Patricia Wrede’s Enchanted Forest Chronicles is one of my favorite comfort reads. I discovered this YA quartet in middle school and read and re-read it obsessively. I loved the fractured fairy tale humor, the engaging protagonists, and especially the physicality of its system of magic–I could imagine how it would feel to use magic in Wrede’s world. I’ve enjoyed other Wrede books tremendously, especially the Mairelon the Magician books and Sorcery and Cecelia (co-written with Caroline Stevermer), but none quite lived up to the Enchanted Forest Chronicles for me. I think it’s always hard to replicate the experience of encountering just the right book at just the right time.
All of that brings me to Wrede’s Frontier Magic trilogy: Thirteenth Child, Beyond the Great Barrier, and The Far West. These YA charmers are quick reads and contain some truly marvelous worldbuilding in an alternate-universe version of the nineteenth-century United States. But I finished the trilogy a bit disappointed by the pacing and characterization, two things that Wrede usually excels at.
Eff Rothmer is the youngest daughter of a very large family. Her twin brother Lan seems to have been marked for greatness since the moment of his birth — he is the seventh son of a seventh son, and therefore destined to be a powerful magician. Eff, on the other hand, is a thirteenth child — and nearly everyone except for her parents seems to be waiting for her to go bad and bring ill luck to everyone around her.
Eff’s parents don’t believe she’ll bring bad luck to anyone, and they are also wary of what will happen if Lan spends his childhood constantly being told how special and important he is. So the Rothmers make a dramatic decision: they will relocate to the Frontier, close to the Great Barrier Spell that protects settlers from the wildlife that roams the Western part of the Columbian continent, and will make a new life where people seem to care much less about seventh sons or thirteenth children. Eff’s father accepts a position as a professor at a new university out west and off the family goes.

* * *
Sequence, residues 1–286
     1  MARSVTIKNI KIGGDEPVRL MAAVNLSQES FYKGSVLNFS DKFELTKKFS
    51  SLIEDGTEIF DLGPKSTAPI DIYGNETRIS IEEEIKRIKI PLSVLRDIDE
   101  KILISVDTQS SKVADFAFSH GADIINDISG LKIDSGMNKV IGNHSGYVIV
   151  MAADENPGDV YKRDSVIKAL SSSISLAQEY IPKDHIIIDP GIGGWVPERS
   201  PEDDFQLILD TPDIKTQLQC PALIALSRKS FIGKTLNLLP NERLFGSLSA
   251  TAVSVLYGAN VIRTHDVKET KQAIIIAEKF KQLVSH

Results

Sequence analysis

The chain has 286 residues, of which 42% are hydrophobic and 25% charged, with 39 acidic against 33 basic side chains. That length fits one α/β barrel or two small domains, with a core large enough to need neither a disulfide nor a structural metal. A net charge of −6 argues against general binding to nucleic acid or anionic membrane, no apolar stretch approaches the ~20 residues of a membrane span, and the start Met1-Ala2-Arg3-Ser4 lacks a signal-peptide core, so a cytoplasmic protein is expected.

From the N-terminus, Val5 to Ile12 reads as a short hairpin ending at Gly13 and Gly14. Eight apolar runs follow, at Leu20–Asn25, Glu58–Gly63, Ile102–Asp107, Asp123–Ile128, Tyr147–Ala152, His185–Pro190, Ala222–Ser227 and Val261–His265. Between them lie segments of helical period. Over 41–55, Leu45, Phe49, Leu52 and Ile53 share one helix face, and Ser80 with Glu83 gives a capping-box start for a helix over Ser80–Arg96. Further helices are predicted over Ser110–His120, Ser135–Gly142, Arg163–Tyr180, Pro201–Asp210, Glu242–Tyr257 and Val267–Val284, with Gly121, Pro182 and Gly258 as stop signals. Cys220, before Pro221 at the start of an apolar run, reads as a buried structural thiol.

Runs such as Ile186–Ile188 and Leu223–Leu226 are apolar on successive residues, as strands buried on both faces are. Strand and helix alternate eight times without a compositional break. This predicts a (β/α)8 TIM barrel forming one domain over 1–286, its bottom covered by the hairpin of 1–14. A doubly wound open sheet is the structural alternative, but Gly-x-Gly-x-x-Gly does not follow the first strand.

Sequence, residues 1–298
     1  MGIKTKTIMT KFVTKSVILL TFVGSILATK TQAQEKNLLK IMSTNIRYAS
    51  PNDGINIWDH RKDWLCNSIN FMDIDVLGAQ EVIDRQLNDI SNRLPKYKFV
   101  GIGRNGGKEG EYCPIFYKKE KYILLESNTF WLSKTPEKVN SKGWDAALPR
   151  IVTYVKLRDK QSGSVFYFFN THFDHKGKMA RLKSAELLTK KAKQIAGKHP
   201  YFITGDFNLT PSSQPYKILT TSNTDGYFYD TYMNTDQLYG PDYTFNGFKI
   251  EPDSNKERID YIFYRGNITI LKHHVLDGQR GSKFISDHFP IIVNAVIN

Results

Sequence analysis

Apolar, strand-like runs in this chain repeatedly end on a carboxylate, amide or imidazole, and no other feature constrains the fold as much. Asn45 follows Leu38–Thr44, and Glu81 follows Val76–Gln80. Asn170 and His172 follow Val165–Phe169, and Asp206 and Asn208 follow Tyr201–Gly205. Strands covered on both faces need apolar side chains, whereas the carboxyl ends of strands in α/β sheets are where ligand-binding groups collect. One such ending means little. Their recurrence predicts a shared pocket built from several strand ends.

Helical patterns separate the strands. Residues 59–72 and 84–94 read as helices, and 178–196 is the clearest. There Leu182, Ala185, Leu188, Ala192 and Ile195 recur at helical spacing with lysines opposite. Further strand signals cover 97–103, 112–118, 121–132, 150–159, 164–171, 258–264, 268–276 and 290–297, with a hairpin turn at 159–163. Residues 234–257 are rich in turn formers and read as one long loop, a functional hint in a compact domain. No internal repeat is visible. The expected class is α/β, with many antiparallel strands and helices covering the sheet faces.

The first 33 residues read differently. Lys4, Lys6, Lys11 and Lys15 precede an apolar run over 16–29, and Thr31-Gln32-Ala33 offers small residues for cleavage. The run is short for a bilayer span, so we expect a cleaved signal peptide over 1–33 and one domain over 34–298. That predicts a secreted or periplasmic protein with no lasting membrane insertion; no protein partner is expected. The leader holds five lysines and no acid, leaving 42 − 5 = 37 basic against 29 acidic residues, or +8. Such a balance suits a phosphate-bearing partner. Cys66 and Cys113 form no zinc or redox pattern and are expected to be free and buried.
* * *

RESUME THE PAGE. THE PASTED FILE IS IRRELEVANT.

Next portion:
The rest of the books follow Eff’s path through school and young adulthood. Even out West, Eff is terrified that her status as a thirteenth child will hurt the people she cares about, and she finds it very difficult to master any sort of magic. With the aid of a strict but insightful teacher named Miss Ochiba, Eff begins to learn Aphrikan magic, a different way of using magical energy than those employed by Eff’s Avrupan ancestors. Meanwhile, more and more settlers come out West, and some begin founding settlements outside the Great Barrier Spell–even though they risk falling prey to sabrecats and medusa lizards and magic-devouring beetles.
Wrede builds a fascinating world in the Frontier Magic books, but the stories within each book don’t quite live up to the promising premise. Each of the three books spends a great deal of time telling us about the Far West, about magic in this world, and about the history of the Columbian continent. But the major crisis of each novel doesn’t emerge until about three-quarters of the way through. As a result, the stakes feel shallow, even when the crisis ostensibly has major implications for the future of human settlements out West. Furthermore, Eff never develops a terribly distinctive personality. She is sympathetic — who wouldn’t feel bad for a little girl constantly scolded for being bad luck? — but not all that engaging. She is nice and smart and that’s about all. Finally, Wrede has clearly thought through the details of how magic works in this world, but the lengthy discussions of different magical theories sometimes grow tedious.
If you’re looking for a fast read set in an interesting world, the Frontier Magic series may be worth picking up. However, it’s not a must-read for me the way other Wrede books have been. Part of me hopes that Wrede will return to the Frontier Magic world — but tell more exciting stories in it the second time around.
Rating: Library Loan